South Sudan Attractions
South Sudan has 14 national parks/protected areas and world’s second largest animal migration. South Sudan has world’s second largest animal migration, an epic migration of the antelopes, but there is not a single tourist to see it.Major parks include:
Boma National Park is as big as Rwanda. Bandingilo National Park, Lantoto National Park, Nimule National Park, Shambe National Park, Southern National Park, etc. There are also several game reserves which includes Ez Zeraf Game Reserve, Ashana Game Reserve, Bengangai Game Reserve, Bire Kpatuos Game Reserve, Chelkou Game Reserve, Fanikang Game Reserve, Juba Game Reserve, Kidepo Game Reserve, Mbarizunga Game Reserve, and Numatina Game Reserve among others.
South Sudan is a country rich of Culture
The official language of South Sudan is English.There are 64 indigenous languages, most classified under the Nilo-Saharan Language family; collectively, they represent two of the first order divisions of Nile Sudanic and Central Sudanic.
In the border region between Western Bahr Al Ghazal state and Sudan are an indeterminate number of people from West African countries who settled here on their way back from Mecca—who have assumed a traditionally nomadic life—that reside either seasonally or permanently. They primarily speak Chadian languages and their traditional territories are in the southern portions of the Sudanese regions of Northern Kordofan and Darfur.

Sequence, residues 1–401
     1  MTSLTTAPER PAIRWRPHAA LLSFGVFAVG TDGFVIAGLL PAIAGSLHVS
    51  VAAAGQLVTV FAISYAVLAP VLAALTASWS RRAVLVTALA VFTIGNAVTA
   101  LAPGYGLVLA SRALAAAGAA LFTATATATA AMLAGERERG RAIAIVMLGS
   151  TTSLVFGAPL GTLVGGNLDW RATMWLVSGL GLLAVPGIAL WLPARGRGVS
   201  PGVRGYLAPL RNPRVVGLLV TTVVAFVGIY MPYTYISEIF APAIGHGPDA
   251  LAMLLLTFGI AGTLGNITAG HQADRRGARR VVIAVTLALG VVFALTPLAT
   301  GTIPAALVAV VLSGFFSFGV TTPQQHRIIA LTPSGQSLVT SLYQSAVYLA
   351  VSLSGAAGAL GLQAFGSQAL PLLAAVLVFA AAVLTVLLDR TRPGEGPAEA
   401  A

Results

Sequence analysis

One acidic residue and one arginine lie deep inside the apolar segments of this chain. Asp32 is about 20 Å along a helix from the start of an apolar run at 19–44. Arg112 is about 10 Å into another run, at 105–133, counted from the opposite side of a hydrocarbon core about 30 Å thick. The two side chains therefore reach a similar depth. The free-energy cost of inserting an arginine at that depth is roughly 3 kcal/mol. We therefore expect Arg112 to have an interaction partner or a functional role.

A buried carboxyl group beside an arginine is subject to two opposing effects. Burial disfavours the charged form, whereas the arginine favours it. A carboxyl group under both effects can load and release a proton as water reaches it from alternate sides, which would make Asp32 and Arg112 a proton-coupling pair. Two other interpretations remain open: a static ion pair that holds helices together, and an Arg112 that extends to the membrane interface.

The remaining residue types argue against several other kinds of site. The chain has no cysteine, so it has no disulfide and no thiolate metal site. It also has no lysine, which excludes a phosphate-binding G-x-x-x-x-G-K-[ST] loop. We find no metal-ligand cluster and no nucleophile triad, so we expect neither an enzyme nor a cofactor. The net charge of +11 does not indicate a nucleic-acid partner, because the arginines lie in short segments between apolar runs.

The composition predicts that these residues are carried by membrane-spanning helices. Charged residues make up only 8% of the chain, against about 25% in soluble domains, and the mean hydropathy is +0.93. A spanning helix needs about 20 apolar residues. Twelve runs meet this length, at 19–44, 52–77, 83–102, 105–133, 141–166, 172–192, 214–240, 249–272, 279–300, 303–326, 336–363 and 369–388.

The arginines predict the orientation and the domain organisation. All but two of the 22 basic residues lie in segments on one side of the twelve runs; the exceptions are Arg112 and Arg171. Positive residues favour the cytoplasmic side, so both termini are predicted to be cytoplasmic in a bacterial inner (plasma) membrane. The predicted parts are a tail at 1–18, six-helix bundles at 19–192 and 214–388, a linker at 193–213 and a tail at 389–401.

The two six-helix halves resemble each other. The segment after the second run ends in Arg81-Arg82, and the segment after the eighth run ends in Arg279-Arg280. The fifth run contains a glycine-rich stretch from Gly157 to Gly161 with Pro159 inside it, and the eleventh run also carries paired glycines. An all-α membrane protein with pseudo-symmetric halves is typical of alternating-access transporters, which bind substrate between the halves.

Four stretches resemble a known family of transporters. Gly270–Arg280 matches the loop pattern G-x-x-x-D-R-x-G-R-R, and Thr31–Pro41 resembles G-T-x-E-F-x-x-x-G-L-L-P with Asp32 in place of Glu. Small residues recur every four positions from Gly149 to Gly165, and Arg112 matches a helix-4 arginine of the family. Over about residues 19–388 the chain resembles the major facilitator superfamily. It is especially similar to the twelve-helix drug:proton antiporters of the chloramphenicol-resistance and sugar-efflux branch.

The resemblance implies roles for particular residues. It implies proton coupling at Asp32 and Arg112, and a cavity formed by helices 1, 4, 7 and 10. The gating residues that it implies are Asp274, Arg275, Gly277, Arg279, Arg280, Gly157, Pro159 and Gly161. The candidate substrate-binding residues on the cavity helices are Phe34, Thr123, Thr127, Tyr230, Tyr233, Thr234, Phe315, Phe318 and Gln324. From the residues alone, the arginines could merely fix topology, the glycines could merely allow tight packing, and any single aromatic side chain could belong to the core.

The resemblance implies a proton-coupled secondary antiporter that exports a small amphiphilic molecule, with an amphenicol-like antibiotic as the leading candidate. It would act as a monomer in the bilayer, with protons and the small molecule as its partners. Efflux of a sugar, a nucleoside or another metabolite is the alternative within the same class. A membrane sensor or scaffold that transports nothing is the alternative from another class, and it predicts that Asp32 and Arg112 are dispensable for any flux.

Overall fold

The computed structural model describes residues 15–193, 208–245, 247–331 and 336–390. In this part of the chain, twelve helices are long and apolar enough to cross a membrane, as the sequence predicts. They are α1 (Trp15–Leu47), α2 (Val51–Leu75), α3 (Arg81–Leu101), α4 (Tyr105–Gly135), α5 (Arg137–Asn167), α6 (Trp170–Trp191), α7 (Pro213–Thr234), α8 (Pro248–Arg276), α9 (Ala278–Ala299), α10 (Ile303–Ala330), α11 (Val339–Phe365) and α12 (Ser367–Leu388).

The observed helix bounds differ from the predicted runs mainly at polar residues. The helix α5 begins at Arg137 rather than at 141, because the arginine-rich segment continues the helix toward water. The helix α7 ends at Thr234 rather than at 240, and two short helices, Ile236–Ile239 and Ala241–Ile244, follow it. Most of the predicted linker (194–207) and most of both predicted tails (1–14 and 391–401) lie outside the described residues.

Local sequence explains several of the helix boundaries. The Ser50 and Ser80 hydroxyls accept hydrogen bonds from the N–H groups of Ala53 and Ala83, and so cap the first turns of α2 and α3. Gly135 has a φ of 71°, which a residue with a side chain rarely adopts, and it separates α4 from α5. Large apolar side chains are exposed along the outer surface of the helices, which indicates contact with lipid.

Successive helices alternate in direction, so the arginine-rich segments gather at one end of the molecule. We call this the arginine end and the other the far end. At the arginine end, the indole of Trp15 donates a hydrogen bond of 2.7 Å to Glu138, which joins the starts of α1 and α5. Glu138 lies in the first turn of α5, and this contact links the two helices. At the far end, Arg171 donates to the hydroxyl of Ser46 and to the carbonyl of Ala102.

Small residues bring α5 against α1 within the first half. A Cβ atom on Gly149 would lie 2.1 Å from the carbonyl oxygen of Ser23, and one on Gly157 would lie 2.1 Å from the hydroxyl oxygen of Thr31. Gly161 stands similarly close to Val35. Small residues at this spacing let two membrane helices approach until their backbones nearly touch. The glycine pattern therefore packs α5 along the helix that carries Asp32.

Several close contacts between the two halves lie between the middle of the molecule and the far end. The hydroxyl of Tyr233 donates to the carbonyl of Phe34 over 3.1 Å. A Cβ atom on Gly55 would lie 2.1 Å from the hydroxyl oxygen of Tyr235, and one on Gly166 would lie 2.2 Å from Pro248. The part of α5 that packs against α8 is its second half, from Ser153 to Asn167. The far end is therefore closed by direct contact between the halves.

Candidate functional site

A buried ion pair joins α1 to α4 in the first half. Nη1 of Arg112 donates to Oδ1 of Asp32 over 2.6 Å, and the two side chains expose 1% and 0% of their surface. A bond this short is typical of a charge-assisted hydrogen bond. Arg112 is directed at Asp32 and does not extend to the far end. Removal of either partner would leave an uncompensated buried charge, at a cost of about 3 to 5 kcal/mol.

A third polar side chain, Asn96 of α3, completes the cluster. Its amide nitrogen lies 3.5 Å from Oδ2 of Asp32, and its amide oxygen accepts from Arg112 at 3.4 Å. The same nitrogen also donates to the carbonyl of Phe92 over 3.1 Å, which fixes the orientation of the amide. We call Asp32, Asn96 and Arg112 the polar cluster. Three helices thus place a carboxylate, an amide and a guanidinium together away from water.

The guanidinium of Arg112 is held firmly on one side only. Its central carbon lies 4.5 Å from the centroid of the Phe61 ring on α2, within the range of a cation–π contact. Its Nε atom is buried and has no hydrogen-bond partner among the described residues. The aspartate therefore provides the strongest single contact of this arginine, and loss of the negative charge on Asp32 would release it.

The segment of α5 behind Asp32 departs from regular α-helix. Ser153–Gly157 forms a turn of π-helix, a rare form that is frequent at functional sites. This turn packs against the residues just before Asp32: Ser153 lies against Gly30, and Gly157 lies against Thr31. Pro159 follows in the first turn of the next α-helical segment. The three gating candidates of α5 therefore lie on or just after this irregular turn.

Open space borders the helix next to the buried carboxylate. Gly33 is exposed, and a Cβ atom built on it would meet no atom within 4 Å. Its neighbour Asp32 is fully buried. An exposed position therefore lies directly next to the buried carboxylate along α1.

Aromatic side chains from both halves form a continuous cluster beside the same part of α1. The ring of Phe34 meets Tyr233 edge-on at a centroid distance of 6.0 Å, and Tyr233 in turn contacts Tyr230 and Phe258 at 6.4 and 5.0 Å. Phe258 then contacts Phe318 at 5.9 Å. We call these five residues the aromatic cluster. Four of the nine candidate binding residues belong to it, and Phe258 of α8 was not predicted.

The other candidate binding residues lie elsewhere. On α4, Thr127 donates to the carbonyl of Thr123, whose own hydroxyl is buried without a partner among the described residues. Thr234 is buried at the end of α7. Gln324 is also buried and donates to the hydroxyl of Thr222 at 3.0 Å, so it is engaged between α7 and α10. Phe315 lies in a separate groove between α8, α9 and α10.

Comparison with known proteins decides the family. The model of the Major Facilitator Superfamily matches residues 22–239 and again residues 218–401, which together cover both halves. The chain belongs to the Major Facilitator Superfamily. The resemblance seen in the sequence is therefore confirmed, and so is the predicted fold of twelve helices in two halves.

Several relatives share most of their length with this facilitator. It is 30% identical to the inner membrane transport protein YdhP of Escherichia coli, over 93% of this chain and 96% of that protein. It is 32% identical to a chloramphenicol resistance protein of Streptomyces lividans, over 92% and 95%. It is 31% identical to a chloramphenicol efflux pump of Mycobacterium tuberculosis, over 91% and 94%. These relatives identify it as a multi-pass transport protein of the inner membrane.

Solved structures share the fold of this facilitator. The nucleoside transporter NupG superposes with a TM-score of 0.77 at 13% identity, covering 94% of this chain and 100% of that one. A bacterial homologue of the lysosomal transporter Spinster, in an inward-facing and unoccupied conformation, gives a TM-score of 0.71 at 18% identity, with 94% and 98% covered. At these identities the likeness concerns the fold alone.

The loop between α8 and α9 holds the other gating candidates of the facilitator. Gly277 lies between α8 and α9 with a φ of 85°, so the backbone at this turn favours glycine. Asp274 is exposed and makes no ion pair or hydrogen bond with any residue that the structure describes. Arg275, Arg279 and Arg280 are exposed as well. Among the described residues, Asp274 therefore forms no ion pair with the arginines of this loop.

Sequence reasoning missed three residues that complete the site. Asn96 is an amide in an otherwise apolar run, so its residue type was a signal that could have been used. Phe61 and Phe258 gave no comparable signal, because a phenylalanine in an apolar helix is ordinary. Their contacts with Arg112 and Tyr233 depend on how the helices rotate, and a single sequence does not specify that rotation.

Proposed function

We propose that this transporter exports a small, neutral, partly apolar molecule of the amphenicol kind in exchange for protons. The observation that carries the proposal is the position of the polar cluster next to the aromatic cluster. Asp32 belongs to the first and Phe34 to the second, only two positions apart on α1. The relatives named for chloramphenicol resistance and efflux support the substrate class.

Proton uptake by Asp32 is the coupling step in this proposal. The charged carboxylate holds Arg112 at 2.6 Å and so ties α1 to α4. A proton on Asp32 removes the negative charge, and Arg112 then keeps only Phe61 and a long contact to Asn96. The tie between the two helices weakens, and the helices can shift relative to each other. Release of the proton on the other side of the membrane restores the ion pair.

Many of these ethnic groups share common culture, very closely-link cultural traits with intelligible languages which forming distinct larger family units. The groups are briefly explain below.
Historically are cattle owners as part of their cultural heritage. You find them good in several human activities such as agriculture, garning, fishing and hunting.
The Nuer occupies for themselves a vast savanna land which stretches from Ethiopia border to the west of the Nile River and encompasses the counties of Nasir, Fangak, Akobo and Bentiu.
The Luo groups:
Luo speakers are agro-pastoralists who usually keep small herds of cattle in addition to larger flocks of sheep and goats. Some communities’ adept and dedicated themselves as fishermen who successfully exploit the resources of rivers they live along and hunting are also widely practiced especially among the Shilluk and Aynuak.
They are mainly farmers who grow various crops and fruits and often rear domestic animals such as goats and chickens. Farming remains largely women domain while Men build and maintain homesteads and perform other various tasks and crafts.